It’s been a habit of mine to review every (substantial) book that I read. This hasn’t happened in the second half of 2021. Changes to my job, while delightful in many ways, have left me with barely the time and energy to attend to the word of God and prayer, let alone to the reading and mulling-over of books in general. This too will pass.
Instead of reviewing each book in-depth, I’m attempting a broader overview. Because the books I have read fall into two broad categories, I will do this in two parts. The second part, coming, will engage with books that critique our current industrial forms for expressing Christian religion. They have helped me ponder some subtle revolutionary ways of being God’s people that are both ancient and future.
In this first post, I’m drawing on a different theme. It has reached a crescendo this year, cresting at the time I reviewed Langberg’s Redeeming Power. In the background is the fallout from the abuses of Ravi Zacharias. An accompaniment that has swelled in and out (with its, um, “variable” release schedule) is the Rise and Fall of Mars Hill podcast.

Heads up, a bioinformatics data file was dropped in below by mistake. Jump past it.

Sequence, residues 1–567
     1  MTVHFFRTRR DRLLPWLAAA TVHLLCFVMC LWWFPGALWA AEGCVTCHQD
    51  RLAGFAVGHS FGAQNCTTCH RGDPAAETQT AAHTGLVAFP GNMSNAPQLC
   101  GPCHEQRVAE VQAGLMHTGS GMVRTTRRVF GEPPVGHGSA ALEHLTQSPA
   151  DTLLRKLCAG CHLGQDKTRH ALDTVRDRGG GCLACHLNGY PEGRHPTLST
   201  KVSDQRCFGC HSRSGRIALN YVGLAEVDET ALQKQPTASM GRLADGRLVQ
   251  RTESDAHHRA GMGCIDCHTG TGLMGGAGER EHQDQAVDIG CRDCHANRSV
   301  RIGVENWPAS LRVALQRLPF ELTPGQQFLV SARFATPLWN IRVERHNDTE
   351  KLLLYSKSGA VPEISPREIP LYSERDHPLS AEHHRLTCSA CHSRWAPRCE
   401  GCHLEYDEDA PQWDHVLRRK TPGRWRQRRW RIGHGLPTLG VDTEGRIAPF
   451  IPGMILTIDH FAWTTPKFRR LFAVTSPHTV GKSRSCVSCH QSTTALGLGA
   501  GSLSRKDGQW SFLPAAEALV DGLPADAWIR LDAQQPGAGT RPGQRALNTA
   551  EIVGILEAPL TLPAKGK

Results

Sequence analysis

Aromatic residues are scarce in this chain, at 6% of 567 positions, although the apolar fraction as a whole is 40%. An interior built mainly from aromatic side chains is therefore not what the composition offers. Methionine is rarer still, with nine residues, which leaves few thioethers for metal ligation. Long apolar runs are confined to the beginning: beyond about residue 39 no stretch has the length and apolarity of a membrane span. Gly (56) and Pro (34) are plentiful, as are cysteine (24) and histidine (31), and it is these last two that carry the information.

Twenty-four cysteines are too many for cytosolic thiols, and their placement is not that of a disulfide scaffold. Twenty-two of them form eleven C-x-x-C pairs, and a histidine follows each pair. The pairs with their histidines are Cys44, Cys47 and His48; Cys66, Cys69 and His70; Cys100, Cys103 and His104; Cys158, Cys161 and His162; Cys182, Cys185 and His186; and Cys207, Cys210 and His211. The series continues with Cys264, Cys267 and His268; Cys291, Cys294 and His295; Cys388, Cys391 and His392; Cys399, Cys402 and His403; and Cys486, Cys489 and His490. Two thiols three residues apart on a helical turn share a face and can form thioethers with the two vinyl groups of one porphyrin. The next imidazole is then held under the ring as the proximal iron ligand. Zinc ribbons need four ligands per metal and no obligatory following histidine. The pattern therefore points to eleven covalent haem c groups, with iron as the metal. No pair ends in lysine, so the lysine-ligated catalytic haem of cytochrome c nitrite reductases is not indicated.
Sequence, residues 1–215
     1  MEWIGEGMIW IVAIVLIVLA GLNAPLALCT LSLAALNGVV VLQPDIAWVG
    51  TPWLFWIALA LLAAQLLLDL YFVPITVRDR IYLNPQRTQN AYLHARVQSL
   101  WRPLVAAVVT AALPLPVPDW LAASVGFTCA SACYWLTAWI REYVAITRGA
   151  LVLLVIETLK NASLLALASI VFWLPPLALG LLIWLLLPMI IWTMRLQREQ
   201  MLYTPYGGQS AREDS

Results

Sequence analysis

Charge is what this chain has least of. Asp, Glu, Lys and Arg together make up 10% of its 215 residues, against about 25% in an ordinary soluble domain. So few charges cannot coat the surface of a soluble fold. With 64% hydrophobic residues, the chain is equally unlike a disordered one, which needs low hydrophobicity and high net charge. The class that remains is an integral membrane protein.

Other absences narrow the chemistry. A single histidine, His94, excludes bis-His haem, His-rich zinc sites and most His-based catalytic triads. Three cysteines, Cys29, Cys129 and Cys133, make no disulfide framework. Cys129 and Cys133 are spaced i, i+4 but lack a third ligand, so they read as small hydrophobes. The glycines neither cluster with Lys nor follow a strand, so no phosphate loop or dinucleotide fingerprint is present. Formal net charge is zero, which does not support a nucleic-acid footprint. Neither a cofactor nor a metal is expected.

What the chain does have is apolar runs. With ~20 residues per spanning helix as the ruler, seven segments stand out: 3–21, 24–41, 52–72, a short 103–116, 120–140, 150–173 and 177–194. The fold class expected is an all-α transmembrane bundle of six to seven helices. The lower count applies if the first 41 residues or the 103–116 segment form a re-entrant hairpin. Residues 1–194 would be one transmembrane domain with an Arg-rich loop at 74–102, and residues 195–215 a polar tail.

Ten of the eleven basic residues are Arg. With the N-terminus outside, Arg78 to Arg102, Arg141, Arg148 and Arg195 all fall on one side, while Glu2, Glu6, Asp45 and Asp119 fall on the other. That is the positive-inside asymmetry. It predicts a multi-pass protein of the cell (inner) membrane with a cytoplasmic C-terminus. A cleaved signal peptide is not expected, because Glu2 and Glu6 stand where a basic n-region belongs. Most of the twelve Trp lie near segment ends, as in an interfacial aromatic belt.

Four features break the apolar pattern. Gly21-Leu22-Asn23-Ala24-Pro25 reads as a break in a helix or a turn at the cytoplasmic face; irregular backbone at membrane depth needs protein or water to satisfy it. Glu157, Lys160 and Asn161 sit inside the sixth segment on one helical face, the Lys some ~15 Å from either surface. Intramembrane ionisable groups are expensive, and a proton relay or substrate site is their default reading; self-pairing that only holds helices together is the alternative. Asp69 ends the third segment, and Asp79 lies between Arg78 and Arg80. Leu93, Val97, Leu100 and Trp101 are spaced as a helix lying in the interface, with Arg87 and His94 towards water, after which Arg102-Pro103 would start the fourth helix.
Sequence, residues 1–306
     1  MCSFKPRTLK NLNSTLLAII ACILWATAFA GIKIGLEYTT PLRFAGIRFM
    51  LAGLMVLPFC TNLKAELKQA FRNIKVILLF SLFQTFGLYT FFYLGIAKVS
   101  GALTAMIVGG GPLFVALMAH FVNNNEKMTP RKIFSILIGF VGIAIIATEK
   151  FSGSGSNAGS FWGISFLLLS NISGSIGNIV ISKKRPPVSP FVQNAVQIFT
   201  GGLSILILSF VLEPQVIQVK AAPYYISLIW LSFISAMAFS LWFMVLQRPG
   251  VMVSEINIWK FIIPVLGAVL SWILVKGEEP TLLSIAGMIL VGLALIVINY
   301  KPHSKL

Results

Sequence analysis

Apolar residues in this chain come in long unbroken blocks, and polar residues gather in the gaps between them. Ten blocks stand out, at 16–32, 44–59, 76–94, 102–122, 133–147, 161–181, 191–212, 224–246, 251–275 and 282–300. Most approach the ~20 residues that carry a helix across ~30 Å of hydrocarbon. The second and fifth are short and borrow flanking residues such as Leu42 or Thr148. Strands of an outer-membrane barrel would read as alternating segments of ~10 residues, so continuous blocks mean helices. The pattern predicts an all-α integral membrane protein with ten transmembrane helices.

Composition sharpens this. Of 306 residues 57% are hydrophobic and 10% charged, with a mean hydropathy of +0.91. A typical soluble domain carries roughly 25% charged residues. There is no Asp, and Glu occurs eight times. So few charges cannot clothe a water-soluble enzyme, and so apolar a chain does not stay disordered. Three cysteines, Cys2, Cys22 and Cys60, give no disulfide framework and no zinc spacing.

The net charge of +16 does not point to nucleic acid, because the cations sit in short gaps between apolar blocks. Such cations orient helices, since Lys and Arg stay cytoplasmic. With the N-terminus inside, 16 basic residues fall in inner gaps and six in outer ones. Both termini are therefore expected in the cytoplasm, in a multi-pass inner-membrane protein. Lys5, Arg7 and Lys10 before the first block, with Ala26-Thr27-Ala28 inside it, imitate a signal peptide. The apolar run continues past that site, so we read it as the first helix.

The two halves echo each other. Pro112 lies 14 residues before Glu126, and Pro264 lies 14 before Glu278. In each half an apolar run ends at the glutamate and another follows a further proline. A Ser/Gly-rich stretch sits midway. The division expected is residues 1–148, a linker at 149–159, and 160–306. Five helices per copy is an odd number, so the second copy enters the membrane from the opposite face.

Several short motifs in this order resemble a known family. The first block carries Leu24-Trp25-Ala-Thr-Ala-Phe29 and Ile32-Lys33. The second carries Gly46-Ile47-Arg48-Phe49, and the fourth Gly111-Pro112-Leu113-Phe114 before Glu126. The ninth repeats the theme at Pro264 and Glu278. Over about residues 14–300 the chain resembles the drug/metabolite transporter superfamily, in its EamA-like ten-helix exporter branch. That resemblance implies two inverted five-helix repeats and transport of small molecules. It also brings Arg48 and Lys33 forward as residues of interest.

This theme is a mournful lament to the simple fact that church culture can be, and often is, toxic. Gill and I have been processing our own ecclesiastical trauma; Langberg and others have helped us do that. One of our key realisations has been to accept the reality of our abuse. Unlike others, we are not victims of a malicious perpetrator. Nevertheless, we have been hurt, and it wasn’t just “one of those things”; it has been, at various times, due to toxic culture, vicious immaturities, and collective negligence. We can’t just shrug it off; we have been wounded and the healthy thing is to pursue healing.
And it is not just about us. Our children have, unavoidably, witnessed what has been done to us; and have been on the receiving end of ostracism and shunning themselves. They have carried emotional loads which have been indirectly, but obviously, foisted upon them by inept church leaders unwilling to carry their own burdens, let alone the yoke of Christ to which they laid claim. Our children are learning to discern between the way of Christ and the way of his people, and how to count the life-giving cost of the former while standing firm against the latter. In due course they may share their own story; I will not go further than that here.
Similarly, by God’s grace, we have encountered a number of others who have fallen under the wheels of the religio-industrial complex. Amongst their experiences are the effects of being silenced, ostracised, manipulated, or made subservient to a form of mission that is more about ecclesiastical ego than ecclesiological pursuit of God’s good kingdom. The deconstruction of church is real. We are learning how to hear these stories, to undergo our own as-healthy-as-can-be deconstruction (because God’s grace abounds when we are undone), while holding fast to the hope that is true, and truly, within us.